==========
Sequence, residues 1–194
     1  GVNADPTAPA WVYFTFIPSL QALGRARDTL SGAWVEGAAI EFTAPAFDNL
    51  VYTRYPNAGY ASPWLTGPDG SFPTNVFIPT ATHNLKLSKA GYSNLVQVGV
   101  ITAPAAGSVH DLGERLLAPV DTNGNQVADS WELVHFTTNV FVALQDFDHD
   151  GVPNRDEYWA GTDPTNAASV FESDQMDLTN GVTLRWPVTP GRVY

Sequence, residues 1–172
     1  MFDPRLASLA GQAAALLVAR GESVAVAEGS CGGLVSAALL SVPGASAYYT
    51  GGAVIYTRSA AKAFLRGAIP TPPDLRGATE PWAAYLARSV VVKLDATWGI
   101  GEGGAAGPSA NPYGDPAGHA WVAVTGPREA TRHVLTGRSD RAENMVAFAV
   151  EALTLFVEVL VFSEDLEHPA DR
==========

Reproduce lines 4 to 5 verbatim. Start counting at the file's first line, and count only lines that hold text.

   101  ITAPAAGSVH DLGERLLAPV DTNGNQVADS WELVHFTTNV FVALQDFDHD
   151  GVPNRDEYWA GTDPTNAASV FESDQMDLTN GVTLRWPVTP GRVY